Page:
Since President Trump's election last year, protests and criticism of his presidency have come from across the country — and even around the world. But if there's one place more vocal in its distaste for the president than anywhere else, it's surely the most populous state in the U.S. California is thwarting Trump at every turn, from inside the legislature to out on the streets.
California might be the most populous state, but its support for Hillary Clinton in last year's presidential election wasn't enough for Democrats to keep the White House. Without the federal government that more than 60 percent of California voters voted for, California lawmakers and residents have taken matters into their own hands. At the state level, officials, led by Gov. Jerry Brown, have directly contradicted or blocked many of Trump's presidential actions, particularly when it comes to immigration and climate change. Meanwhile, residents have gathered in protest, further fueling the actions of their elected state officials.
California's resistance has not gone unnoticed. After all, there's a reason the president, shortly after being inaugurated, said, "California, in many ways, is out of control." Here are nine good reasons he may think that.
On Tuesday, the California governor signed an agreement with China for the state to work with the country on developing green technologies and reducing emissions. The move came less than a week after Trump announced he would pull the U.S. out of the internationally supported Paris climate accord. California has long been recognized as a leader in the fight to mitigate climate change, and it seems Trump's presidency won't change that.
Last month, the Los Angeles City Council voted unanimously to support impeachment investigations for Trump. Under the resolution, L.A. would support any legislative action to investigate the president for impeachable crimes. The resolution was passed before speculations arose that Trump could be impeached for allegedly asking former FBI director James Comey to end an investigation.
When Trump tried to limit federal funding from sanctuary cities, a federal judge in San Francisco blocked the initiative. The ruling came shortly after the Trump administration demanded proof from several so-called sanctuaries, including the California Board of State and Community Corrections, that they were cooperating with immigration enforcement.
This may not qualify as a "crucial" part of California's resistance, but it certainly starts a good conversation. When Trump tweeted the unintelligible word "covfefe," a California driver had the best response. The driver claimed the phrase as a personalized license plate. It's like a driving advertisement of Trump's Twitter fail.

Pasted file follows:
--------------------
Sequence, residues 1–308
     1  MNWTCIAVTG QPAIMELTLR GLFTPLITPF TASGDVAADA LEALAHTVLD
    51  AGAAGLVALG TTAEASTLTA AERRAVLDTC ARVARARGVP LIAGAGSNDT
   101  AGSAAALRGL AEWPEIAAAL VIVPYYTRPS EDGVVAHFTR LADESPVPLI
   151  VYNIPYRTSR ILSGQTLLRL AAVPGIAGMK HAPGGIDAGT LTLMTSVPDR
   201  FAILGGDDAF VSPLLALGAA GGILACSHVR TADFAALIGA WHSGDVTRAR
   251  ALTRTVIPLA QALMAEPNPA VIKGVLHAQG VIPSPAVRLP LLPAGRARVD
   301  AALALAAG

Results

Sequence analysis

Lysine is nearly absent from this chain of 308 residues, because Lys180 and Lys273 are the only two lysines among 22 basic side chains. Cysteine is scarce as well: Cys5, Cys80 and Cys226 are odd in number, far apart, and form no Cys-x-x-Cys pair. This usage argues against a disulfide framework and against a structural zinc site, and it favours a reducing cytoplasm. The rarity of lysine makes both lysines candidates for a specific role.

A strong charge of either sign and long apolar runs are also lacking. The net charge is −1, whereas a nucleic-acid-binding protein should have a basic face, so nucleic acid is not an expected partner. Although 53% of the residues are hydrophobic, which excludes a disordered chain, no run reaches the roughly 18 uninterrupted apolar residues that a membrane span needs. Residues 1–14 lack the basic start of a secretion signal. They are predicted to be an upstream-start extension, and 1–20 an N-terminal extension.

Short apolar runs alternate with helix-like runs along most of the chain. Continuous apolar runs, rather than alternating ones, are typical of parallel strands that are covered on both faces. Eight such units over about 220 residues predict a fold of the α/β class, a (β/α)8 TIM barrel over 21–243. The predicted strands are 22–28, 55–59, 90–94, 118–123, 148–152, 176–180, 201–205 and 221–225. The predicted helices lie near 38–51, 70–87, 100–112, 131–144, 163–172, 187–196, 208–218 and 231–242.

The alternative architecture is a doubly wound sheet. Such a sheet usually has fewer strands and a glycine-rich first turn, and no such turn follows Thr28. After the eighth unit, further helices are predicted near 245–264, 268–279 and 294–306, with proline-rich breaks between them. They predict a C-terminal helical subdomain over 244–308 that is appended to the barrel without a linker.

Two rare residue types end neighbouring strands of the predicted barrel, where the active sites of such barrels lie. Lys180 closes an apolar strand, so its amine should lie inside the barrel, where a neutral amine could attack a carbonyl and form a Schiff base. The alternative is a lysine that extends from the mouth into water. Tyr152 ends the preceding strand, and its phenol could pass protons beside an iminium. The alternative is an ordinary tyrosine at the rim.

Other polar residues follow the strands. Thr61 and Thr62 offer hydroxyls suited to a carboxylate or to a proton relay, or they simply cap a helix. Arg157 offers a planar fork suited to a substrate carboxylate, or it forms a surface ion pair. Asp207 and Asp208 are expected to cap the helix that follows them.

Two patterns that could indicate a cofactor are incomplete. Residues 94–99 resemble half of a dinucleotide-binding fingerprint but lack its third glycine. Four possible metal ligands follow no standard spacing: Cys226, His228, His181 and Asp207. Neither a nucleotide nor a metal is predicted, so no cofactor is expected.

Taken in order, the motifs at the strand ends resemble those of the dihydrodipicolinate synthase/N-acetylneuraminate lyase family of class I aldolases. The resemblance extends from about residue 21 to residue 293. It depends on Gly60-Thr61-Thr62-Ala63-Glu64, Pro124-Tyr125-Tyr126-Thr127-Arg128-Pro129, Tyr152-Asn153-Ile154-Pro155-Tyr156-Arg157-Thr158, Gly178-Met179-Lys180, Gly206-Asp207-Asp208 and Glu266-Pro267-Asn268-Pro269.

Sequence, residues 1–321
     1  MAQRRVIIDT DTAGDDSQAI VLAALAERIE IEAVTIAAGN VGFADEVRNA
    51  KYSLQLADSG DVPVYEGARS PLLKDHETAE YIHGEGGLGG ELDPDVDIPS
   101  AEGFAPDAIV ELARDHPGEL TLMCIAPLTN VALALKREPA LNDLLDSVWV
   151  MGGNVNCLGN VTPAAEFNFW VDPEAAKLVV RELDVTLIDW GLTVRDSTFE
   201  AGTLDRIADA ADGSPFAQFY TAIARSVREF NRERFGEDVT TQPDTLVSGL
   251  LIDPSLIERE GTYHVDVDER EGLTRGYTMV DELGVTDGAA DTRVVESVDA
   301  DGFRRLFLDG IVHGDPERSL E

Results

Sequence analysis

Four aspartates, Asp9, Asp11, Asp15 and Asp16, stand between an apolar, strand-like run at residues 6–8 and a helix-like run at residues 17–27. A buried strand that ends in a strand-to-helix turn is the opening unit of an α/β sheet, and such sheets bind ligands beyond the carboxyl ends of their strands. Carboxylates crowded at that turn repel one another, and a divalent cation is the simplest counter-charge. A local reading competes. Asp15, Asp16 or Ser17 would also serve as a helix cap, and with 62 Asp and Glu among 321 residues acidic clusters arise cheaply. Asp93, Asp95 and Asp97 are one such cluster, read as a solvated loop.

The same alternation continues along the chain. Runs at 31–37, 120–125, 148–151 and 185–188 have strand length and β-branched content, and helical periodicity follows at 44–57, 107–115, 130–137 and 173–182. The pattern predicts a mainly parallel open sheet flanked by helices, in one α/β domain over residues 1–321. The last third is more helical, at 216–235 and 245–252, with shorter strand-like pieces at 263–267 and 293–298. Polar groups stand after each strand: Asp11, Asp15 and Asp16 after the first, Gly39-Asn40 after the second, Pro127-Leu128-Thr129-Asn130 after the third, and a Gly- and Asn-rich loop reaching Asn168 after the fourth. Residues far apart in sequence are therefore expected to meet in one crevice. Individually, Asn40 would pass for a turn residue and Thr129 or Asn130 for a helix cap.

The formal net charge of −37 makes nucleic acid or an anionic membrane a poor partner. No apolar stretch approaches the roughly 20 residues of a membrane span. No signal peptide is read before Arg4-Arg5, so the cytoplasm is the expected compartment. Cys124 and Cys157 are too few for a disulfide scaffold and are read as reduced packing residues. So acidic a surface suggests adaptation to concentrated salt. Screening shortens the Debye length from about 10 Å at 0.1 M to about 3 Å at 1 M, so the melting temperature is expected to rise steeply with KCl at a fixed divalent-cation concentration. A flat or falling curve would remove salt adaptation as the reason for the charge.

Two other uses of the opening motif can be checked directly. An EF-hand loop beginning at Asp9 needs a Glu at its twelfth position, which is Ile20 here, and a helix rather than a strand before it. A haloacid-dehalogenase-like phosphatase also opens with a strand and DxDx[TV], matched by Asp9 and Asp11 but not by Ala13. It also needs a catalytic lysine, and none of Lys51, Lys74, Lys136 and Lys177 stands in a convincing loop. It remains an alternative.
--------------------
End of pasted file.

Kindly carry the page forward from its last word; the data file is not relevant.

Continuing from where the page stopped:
While fighting to remain a sanctuary state, California's lawmakers have put their money where their mouths are. According to TIME, the state Senate passed a bill that provides $12 million in funding to help immigrants secure legal representation in their deportation cases.
In another immigration-friendly move, cities in California's Bay Area have reportedly passed measures that seek to prevent construction of Trump's border wall. According to TIME, Berkeley and Oakland have prohibited any business involved in construction of the border wall from securing city contracts.
Just last week, the California Senate reportedly passed a bill paving the way for universal healthcare in the state. The so-called Healthy California Act would, according to Forbes, get rid of health care premiums and co-pays, making insurance available and affordable to all. The bill seems to be a rebuttal to the Republicans' health care plan at the federal level, which could remove protections for individuals with preexisting conditions.
Trump has not harshly gone after marijuana usage in states where it is considered legal, but California will be ready if he does. According to L.A. Weekly, a bill passed by the state Assembly would prevent local law enforcement from participating in marijuana raids carried out by federal agencies. Recreational and medicinal use of marijuana is legal in California.
While California lawmakers make it legally harder for the Trump administration to implement its policies, the state's residents haven't given up the fight either. Last month, a flash mob of about 200 people gathered on a Trump-owned golf course to spell out the word "resist." The message went viral online, showing the world California's commitment to opposing Trump.
California's resistance to the Trump administration isn't just symbolic — it may also be economically valuable. According to Bloomberg, California's support for clean energy has helped the state's and the nation's economy grow. In other words, by resisting Trump, California may actually be paying it forward.